You’re Not Thinking Fourth Dimensionally, Marty!: Another reason for suspicion comes from simple observation of current practice. Whether we look to public-facing services or internal corporate networks, “backdoor” access to user information is notoriously common—and typically not for any purpose so weighty as thwarting ISIS, but because companies like having lots of data to monetize. You want to see the cryptographers’ dystopian scenario? Look out the window! It’s not so bad, is it?
Many, of course, would reply that it is indeed that bad—and bound to get worse as the frequency and sophistication of cyberattacks mounts. If you take the status quo as a benchmark, it may be hard to see how a backdoor mandate makes things appreciably worse. But locking in the status quo is a bad idea when you’re in the midst of an arms race. Vulnerabilities that are tolerable at one stage of play are unacceptable later in the game: Failing to get better is getting worse in that context. What we need, in short, is much wider deployment of much stronger encryption, fast—and tethering developers to a mandate that seems little worse than current practice makes it vastly more difficult to adapt rapidly to changing needs. Technologists have stressed, for example, how backdoor functionality makes it vastly more complex and difficult to implement perfect forward secrecy. It might be tempting to counter that most communications systems don’t currently provide PFS, or didn’t until relatively recently—but it would also be shortsighted: Security features that were once optional are increasingly a necessity. More generally, we can’t foresee the range of adaptations that will seem necessary to robust security in coming years, but it’s a safe bet that none of them will be any easier to deploy if they have to be retroactively compatible with a lawful access architecture developed in 2015. (Some of the most serious cryptographic vulnerabilites we see now, of course, arise precisely from the need to keep new code compatible with older, less secure software still in wide use.)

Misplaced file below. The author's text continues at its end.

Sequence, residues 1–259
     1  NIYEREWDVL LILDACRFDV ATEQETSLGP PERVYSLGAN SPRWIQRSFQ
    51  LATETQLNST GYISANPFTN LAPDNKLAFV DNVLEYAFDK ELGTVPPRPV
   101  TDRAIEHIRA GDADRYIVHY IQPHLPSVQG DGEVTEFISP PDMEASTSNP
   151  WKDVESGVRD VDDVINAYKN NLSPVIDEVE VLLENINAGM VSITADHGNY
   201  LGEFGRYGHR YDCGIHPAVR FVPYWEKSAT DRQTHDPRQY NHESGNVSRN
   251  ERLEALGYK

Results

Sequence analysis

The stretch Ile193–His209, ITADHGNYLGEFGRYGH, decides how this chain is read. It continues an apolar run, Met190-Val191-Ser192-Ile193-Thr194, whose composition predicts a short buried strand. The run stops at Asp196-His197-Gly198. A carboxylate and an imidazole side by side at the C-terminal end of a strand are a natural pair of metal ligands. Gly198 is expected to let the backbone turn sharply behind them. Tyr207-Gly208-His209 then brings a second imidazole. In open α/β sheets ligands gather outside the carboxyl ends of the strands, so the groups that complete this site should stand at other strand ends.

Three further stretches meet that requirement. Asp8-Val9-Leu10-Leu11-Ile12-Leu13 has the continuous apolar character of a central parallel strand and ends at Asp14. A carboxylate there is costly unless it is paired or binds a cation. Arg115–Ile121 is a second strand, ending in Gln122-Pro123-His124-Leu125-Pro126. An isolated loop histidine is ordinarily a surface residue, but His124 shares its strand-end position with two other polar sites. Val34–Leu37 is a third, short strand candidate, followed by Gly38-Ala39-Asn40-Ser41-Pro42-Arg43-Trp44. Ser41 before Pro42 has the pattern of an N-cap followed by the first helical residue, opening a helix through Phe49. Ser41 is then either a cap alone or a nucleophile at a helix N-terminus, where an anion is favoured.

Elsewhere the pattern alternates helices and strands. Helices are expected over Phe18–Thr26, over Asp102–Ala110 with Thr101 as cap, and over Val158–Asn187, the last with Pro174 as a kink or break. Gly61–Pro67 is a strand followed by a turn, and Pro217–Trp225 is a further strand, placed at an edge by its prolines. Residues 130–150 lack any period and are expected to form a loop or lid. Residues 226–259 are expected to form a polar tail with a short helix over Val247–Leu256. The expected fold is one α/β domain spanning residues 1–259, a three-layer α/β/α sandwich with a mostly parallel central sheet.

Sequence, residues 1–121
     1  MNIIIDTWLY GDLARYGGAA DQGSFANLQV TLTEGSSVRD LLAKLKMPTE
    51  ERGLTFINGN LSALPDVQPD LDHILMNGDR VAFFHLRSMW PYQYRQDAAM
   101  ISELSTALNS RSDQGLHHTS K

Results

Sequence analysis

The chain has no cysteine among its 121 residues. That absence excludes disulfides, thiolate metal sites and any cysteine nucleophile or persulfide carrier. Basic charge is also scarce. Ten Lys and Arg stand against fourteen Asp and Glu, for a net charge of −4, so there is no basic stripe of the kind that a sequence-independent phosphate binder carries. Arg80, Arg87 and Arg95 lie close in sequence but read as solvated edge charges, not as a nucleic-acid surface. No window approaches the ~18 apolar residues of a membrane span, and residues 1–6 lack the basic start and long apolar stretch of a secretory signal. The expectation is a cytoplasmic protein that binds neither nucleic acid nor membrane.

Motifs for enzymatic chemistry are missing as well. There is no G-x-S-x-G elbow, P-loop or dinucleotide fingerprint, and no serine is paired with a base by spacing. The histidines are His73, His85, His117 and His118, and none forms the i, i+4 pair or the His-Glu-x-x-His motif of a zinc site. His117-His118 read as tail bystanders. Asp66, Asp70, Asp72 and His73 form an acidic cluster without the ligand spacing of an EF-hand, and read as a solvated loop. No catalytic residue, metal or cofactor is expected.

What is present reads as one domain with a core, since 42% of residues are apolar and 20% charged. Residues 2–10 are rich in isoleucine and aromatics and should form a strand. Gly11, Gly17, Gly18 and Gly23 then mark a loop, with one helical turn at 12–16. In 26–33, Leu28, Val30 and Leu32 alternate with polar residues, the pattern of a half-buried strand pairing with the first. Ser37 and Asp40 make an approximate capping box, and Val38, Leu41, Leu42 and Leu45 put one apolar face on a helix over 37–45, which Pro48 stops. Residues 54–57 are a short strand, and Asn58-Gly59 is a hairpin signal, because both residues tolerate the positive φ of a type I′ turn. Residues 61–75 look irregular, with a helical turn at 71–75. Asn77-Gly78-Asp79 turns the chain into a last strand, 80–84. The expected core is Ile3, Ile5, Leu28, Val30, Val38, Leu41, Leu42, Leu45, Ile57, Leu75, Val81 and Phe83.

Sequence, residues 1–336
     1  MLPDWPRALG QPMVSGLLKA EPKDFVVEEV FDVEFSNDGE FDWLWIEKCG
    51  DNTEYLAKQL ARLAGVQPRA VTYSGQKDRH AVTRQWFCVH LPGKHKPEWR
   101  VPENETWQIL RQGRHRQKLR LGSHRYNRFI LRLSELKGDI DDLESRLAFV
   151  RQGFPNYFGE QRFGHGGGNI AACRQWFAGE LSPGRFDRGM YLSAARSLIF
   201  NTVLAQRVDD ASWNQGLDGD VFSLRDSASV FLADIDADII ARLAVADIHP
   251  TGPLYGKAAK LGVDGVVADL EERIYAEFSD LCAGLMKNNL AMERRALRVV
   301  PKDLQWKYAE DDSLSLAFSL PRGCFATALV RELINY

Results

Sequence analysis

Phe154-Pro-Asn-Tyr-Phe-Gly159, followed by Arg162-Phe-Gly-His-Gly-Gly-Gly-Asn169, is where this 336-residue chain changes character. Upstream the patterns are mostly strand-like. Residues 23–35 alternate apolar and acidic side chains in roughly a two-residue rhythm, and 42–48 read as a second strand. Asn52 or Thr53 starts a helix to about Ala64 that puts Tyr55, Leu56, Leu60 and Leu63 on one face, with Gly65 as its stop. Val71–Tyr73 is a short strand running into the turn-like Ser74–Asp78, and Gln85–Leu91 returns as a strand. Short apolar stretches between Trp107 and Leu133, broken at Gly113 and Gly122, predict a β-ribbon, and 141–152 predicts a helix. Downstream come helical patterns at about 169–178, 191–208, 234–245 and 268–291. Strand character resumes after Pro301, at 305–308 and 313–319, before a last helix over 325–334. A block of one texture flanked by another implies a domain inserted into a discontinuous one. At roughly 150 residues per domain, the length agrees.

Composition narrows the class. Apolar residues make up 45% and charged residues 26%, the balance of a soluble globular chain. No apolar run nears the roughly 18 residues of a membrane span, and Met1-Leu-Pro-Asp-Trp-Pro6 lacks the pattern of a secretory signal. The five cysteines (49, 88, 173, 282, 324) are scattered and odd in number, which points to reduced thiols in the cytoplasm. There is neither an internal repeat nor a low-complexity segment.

Tyranny of the Inbox: I first heard one of my favorite wonky phrases, “tyranny of the inbox,” in conversation with a (now-former) senior intelligence official on this very topic a few years back. I made a thumbnail sketch of the argument against backdoor mandates, and the official conceded that the idea didn’t seem all that well thought out. It was, he suggested, a case of “tyranny of the inbox”: Well-intentioned and impossibly harried lawyers, analysts, and investigators looking for the most direct way to deal with an immediate problem. Can’t read your target’s messages? Pass a law to make them readable! Longer-term concerns about software ecosystems or geopolitics understandably seem airily abstract when you’re trying to figure out whether a bomb might be going off in an urban center next week. And that’s fair enough—their job is to worry about the latter, not the former. But it does create a tacit near-term bias that I think gives rise to the other two misunderstandings. It’s perfectly appropriate for law enforcement officials to have that perspective, but it’s also generally the wrong perspective from which to approach policy that, once implemented, is likely to remain locked in place years into the future.